But because it is an election year, that was not good enough for the Legislature. Lawmakers keep growing the personal exemption beyond the initial $4,050 problem. Competing proposals could have it grow to up to $5,000 by 2021 if the Senate gets its way or $4,800 if a House plan prevails. House Republicans have thrown in a $100 tax credit for senior citizens and another proposal would hand out a child care tax credit.
They are Republican plans but Democrats seem willing to go along.
They should. We should get to keep our money.
Except Lansing won't get to keep its other promises if it goes broke. We still haven't figured out where the $600 million in general fund dollars for road repairs is coming from. The federal tax cut windfall is probably the only one Lansing was going to see any time soon. Analysts don't expect much growth in state tax revenues.
All that makes giving up $300 million or more in tax cuts risky.
Snyder consistently has acted like one of those old-style Republicans who dislike fiscal irresponsibility even more than they dislike taxes. He has opposed and vetoed his party colleagues' spend-thrifty ways. That ended Wednesday, though, when lawmakers were able to overturn one of his vetoes for the first time, approving a tax break for car buyers that Snyder said the state couldn't afford.
Snyder said, "Changing the tax code without a plan to pay for it challenges the conservative fiscal responsibility of the past seven years." The consequences, he warned, could imperil the state's economic comeback.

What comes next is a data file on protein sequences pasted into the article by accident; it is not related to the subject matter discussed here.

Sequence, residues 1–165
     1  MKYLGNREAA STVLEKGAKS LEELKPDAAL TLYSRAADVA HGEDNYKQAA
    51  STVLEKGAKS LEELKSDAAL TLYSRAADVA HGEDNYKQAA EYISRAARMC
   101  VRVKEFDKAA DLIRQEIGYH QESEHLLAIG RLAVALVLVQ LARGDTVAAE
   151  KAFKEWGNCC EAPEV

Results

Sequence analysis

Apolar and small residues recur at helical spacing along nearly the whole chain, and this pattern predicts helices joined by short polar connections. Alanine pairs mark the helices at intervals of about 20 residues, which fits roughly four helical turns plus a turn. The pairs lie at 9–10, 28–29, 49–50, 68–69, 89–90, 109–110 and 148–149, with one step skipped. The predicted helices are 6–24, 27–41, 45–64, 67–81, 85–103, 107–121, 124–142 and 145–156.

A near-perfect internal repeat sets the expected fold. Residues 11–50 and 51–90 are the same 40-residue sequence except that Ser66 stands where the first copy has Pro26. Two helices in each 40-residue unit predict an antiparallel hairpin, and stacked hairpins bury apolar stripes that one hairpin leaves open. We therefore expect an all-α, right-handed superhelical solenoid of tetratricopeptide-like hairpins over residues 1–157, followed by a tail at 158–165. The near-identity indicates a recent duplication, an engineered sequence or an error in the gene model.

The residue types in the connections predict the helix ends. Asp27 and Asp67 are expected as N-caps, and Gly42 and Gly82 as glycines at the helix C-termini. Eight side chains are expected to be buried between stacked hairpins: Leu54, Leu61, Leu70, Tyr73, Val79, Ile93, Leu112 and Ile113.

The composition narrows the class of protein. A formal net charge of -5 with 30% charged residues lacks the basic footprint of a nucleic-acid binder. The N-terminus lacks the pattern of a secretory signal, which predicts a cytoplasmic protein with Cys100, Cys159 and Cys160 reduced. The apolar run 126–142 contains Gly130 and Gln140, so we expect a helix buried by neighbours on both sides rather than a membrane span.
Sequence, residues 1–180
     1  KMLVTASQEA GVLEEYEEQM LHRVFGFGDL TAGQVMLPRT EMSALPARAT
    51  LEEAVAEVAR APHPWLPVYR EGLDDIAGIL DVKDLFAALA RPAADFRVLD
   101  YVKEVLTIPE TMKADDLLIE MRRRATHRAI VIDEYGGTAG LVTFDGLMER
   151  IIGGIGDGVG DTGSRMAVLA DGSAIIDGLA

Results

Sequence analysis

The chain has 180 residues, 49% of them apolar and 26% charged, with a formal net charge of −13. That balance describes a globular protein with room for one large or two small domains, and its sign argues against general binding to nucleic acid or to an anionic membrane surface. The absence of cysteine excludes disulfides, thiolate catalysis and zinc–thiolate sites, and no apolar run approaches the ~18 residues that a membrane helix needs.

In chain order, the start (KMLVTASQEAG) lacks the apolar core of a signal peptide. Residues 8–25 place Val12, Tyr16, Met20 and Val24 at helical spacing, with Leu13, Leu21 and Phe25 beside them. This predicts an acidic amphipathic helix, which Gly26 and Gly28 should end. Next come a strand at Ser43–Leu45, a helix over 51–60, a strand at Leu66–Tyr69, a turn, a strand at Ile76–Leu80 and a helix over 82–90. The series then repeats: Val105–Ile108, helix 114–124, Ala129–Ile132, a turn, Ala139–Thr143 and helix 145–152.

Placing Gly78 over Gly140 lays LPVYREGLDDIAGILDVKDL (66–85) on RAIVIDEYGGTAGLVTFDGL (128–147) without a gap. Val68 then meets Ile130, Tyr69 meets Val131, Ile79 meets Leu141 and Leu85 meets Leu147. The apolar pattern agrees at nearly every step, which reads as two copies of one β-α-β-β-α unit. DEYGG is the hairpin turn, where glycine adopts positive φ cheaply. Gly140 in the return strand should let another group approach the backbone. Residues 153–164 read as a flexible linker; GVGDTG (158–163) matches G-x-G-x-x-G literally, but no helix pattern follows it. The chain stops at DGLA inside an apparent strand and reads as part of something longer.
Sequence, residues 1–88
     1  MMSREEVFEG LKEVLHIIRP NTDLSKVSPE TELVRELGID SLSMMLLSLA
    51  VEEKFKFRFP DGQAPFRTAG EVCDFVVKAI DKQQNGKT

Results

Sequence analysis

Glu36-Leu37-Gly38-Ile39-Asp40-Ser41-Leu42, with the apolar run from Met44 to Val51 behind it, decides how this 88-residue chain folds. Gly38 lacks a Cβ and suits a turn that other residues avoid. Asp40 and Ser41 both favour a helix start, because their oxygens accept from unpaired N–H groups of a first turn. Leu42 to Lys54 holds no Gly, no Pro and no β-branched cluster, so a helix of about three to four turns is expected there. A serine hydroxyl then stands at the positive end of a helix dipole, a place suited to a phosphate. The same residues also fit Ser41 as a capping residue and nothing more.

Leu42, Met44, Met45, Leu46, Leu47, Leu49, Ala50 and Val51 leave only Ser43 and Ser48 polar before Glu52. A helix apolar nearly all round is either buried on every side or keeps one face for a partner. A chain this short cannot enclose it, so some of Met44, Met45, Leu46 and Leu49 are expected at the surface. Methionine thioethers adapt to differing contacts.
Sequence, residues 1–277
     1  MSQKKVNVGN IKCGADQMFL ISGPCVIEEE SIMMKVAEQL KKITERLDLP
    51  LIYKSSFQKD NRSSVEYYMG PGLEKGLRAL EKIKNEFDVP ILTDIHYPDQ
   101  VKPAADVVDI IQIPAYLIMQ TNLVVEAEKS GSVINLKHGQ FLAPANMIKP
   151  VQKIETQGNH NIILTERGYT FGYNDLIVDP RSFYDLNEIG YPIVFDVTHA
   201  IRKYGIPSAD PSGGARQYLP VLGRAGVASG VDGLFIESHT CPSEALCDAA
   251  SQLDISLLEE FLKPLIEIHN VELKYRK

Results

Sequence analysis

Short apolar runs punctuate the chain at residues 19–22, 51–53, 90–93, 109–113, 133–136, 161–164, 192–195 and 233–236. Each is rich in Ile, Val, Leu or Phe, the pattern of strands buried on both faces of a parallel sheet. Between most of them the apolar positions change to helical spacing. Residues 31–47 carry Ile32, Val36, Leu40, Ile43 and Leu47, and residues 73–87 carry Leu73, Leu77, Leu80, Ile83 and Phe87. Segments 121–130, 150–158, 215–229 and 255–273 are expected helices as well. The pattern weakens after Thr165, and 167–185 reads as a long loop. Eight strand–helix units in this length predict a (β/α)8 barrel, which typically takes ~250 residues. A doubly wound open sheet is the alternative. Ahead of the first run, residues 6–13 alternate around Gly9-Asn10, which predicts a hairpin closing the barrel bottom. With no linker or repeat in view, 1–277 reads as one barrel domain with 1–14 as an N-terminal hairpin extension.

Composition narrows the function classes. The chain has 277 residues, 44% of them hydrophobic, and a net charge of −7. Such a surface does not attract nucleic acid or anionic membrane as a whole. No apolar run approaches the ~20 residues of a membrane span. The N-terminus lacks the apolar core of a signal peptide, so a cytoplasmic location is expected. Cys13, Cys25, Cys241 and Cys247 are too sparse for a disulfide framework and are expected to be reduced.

The Holland Sentinel. January 13, 2018
Newspapers under threat from new tariff
The viability of local newspapers, including the one that you are reading now, is being challenged by an unnecessary tariff on the import of newsprint from Canada — the paper used to print this newspaper and others across Michigan.
Simply put, Michigan's newspapers cannot absorb the additional financial burden that this tax — based on a dubious complaint from a single paper mill — is sure to create.
The new import tax begins on Tuesday and will add almost 10 percent to the cost of newsprint for GateHouse Michigan, which publishes The Holland Sentinel, Ionia Sentinel-Standard, The Sturgis Journal, The Daily Reporter (Coldwater), The Daily Telegram (Adrian), The Monroe News, The Cheboygan Daily Tribune, The Evening News (Sault Ste. Marie) and dozens of weekly newspapers. In addition we are the printer for many more newspapers across the state.